Self-Care for the Foster Parent – Part II

We mentioned in our previous article that having a positive perspective and using effective parenting strategies can help to alleviate the pressure of looking after foster children, especially those from traumatic backgrounds, and ensure that your family thrives. Here are a few more tips that might be helpful to you as a foster parent.

Have a role check

Occasionally, one parent may ‘over-function’ as the nurturing parent or the disciplinarian. In these situations, this parent may not allow the other partner to fully participate in the parenting role. A helpful technique is to explore and list which parenting tasks each parent does very well, and which ones are more difficult. The parents can then engage in “role differentiation”, deciding which parent will be the primary parent for particular tasks in caring for the child. This enables the couple to work as a team, share the load, and use their individual strengths to benefit the entire family.

Finding respite care

All parents need a break from the demands of their parenting duties. In particular, foster parents may have especially heavy demands on them, but have fewer options for relief. Some parents may feel that they cannot trust another caregiver, or are unable to find a capable caregiver with the skills to manage their child’s behaviour. They might even feel that their child’s needs are so extreme it would be damaging to leave their child with another caregiver. Yet, finding a feasible form of respite care will pay big dividends in increased patience, renewed energy and commitment. Your child will also receive the recurring message that while you may go away from time to time, you can be counted on to return.

There are several varieties of respite care that you can consider:

Informal respite care

This includes the “tag-team parenting” mentioned earlier. You can also ask a trusted family member or friend to supervise your child while you take a break. A paid babysitter or another foster parent from your support group can also serve as respite caregivers. Most importantly, you will need to find a caregiver who is reliable and trustworthy.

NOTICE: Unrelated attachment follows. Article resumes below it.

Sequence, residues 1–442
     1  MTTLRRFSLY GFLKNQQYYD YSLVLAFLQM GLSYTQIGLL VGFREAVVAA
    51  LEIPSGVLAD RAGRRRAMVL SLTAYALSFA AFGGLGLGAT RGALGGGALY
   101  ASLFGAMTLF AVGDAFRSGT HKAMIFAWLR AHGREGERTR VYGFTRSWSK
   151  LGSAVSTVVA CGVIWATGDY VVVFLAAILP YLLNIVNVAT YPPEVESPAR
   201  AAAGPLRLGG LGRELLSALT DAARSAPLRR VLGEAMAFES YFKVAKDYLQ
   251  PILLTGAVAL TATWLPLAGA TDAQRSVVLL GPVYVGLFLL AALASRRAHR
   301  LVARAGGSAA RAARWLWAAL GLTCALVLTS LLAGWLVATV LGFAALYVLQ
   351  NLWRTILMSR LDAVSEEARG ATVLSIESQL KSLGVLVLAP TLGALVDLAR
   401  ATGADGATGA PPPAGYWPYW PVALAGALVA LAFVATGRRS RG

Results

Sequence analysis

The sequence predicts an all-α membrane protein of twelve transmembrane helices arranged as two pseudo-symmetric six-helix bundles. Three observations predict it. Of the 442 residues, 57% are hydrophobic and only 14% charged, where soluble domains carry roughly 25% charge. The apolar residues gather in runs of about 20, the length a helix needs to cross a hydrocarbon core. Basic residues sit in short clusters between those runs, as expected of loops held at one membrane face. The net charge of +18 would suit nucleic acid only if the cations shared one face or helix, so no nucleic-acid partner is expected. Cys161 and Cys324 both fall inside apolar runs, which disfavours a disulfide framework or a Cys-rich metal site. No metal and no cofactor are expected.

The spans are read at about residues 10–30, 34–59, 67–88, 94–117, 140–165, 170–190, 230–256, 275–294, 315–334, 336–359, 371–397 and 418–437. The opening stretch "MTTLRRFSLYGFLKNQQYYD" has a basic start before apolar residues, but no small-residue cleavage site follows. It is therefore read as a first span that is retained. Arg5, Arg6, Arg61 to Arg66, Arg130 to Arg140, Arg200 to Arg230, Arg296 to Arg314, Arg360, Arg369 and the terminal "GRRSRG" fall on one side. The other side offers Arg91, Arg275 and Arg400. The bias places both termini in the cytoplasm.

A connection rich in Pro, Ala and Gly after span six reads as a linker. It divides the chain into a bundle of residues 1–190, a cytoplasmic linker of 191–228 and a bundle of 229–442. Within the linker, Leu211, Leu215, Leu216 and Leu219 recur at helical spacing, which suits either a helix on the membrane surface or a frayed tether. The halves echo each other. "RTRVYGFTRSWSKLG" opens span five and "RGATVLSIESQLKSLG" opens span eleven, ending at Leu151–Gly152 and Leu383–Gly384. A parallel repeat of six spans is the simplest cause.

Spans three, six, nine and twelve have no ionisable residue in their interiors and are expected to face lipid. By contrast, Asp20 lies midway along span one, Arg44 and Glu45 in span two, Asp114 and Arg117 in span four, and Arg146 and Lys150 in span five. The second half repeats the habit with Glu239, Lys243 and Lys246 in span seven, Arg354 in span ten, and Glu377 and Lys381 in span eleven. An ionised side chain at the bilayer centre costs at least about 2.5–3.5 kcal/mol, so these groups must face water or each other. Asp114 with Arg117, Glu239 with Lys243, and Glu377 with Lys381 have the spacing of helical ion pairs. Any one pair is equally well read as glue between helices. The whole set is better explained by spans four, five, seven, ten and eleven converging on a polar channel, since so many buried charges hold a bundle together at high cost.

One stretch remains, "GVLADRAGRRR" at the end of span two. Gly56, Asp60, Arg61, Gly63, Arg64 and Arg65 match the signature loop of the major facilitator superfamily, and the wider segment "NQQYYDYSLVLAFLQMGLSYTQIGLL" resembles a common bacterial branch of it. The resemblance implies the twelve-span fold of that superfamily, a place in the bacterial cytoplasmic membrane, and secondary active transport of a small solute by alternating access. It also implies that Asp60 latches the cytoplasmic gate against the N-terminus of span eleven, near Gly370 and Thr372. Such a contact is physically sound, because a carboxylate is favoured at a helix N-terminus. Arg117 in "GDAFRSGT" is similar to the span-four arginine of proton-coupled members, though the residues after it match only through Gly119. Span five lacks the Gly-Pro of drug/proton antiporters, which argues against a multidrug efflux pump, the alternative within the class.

Formal respite care

As you explore respite care options, you might find that there aren’t many potential caregivers who can handle the challenges presented by your child. In such cases, you might opt to use formal respite care through foster care or community services organisations such as MCYC Community Services Society, or programs for developmentally delayed children if your child has special needs.

Respite care can be planned in advance or available for emergency situations following a family crisis. Planned respite opportunities are highly recommended – you might choose to have an alternative caregiver come in once a week or fortnightly to give you time to yourself or for a much needed date-night with your spouse.

Be creative. If you do not find an existing respite care option that works for your family, consider designing your own solution that is tailor-made for your unique circumstances. You might have an arrangement with another trusted foster family to take turns giving each other relief from parenting duties, on a regular basis.

Seeking external help – finding a ‘foster-competent’ therapist

Some families may find that they require assistance from a professional in learning to cope with the challenges of parenting their foster child. It is essential when looking for a skilled therapist to ensure that you find one who is “foster competent” and understands your unique set of family circumstances. Check with the organisation that managed the foster process for your family, as they would be aware of good therapists who work with foster families. Also check with other foster families in your support network if they have therapists they would recommend. A therapist must:

  • Be knowledgeable about fostering and the psychological impact of fostering on children and families.
  • Be experienced in working with foster children and their families.
  • Know the types of help available for foster-related issues and problems.
  • Have received some form of training in working with foster families.

Foster parenting is a rewarding journey – one that allows you to open your home and heart to a child who truly needs the security and comfort you can provide. However, it is important to realise that self-care is vital to ensure a successful fostering experience. Using the strategies suggested is a firm step in the right direction to creating a positive, loving and consistent family environment.

 

This is the last of a two-part series on self-care for the foster parent. Read the first installation here.

Adapted by Focus on the Family Singapore from Wounded Children, Healing Homes – How Traumatized Children Impact Adoptive and Foster Families by Jayne E. Schooler, Betsy Keefer Smalley & Timothy J. Callahan. © 2009 NavPress.

 

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